There now, I've exhausted my chipper little ideas for the day. It's okay to just laugh off this silly list. I guess I just want to say, there are many times with illness when we can't do anything more medically at all, and neither can our doctors. But we can take many tiny steps to induce a relaxation response and that reduces inflammation, and also helps reduce attacks of Raynaud's.
Plus, with illness, we need at least ten times more stress reduction than the average person, because there is no end to the stresses and some of them are on a massive scale, like you've continually encountered, Miocean. And you've set a fine example for all of us in overcoming one major hurdle after another. Even if it's just to explain your predicament on the forums, that's a great stress-buster, right there, and another wonderful method for letting go, too.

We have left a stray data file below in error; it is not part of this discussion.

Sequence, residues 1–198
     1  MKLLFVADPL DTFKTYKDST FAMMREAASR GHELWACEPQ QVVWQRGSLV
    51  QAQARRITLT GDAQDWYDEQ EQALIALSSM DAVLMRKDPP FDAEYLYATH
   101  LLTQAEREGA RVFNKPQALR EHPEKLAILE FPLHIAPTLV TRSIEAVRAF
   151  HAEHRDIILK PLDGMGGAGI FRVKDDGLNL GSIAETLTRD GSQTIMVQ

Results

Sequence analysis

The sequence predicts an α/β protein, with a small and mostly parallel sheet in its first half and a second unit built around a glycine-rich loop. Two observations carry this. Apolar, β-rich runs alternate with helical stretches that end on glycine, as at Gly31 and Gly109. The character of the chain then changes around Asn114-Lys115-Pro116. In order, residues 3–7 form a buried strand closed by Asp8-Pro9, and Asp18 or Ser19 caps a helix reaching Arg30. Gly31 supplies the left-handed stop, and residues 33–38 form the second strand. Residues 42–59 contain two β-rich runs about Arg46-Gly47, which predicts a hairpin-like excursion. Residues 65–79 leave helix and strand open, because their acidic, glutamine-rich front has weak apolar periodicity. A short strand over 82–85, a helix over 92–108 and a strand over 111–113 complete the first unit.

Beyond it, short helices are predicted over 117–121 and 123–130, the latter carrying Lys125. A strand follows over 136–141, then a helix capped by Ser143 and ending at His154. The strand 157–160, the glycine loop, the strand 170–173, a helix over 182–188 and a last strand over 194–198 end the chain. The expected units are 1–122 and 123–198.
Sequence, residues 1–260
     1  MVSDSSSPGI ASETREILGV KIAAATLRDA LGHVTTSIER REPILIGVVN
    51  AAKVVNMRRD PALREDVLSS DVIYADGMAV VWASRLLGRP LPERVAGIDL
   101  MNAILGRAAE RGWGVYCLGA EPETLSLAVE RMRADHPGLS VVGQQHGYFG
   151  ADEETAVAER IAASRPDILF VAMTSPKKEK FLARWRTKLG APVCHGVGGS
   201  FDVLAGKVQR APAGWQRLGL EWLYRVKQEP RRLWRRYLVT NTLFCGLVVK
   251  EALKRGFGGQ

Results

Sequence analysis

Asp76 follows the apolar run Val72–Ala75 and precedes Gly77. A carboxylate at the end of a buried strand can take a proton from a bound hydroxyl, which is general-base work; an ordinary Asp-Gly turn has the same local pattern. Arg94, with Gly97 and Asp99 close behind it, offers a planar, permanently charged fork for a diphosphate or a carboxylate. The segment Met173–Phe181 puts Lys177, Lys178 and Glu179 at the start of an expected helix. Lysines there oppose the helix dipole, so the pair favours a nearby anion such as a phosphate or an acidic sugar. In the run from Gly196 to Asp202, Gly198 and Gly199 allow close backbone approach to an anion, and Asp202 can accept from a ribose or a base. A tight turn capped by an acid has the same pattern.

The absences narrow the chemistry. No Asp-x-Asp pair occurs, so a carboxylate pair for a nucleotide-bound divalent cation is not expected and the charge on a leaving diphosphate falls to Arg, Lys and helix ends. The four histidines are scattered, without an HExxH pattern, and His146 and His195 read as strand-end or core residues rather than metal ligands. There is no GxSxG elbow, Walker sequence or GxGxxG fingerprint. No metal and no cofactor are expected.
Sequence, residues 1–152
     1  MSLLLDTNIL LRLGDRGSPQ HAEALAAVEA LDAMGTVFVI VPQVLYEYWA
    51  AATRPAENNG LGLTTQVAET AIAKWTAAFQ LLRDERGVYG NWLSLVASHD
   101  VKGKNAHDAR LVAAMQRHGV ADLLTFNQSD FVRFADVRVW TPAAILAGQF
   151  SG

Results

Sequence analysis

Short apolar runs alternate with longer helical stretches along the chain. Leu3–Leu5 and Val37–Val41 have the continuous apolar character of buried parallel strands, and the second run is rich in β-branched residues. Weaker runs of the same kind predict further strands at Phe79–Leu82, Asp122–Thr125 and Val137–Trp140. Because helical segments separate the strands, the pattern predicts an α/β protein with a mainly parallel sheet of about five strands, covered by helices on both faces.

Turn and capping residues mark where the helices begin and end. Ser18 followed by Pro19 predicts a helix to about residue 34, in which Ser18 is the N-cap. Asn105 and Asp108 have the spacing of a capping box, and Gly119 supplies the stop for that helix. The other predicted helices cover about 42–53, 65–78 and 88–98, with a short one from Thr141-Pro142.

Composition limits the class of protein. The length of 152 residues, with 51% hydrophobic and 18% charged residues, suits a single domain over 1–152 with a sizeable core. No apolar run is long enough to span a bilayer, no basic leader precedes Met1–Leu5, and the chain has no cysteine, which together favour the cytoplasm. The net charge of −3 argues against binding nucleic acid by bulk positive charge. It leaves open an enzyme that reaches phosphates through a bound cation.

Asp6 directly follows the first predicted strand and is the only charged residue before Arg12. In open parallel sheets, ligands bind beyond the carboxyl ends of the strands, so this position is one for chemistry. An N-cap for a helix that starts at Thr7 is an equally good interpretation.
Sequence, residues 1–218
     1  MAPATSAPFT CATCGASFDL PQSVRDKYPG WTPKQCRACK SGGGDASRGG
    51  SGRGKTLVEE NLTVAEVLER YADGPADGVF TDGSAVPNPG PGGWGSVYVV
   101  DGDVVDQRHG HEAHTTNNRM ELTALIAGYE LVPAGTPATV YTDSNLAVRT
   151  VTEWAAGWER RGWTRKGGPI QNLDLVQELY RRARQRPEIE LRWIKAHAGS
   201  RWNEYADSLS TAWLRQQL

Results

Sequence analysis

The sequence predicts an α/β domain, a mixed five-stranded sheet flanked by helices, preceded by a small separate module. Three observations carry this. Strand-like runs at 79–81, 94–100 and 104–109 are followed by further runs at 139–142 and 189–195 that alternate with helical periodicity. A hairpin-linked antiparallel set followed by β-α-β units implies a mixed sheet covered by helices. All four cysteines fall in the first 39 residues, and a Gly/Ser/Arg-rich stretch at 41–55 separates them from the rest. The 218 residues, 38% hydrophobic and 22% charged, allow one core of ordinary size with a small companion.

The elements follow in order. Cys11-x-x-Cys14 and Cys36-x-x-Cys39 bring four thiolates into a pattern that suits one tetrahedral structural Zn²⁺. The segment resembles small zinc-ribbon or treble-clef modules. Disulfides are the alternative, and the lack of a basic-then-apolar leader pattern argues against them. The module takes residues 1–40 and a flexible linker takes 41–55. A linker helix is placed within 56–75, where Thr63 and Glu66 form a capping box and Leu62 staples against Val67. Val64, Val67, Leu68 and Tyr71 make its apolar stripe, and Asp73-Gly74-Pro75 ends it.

None of win the mortal game of life, in the end, but many of us still manage to win it all along the way, like you, and the vast majority of our forum members, by basically letting ourselves feel defeated, from time to time, but not actually be defeated. Somehow we hoist ourselves up together and make it for another bit, as best we can. It's not over til its over, and we are entitled to all our feelings about all of it, along the way, and to share them here.
Thank you for setting a good example for our other members, on the importance of sharing our journeys with each other, all along the way.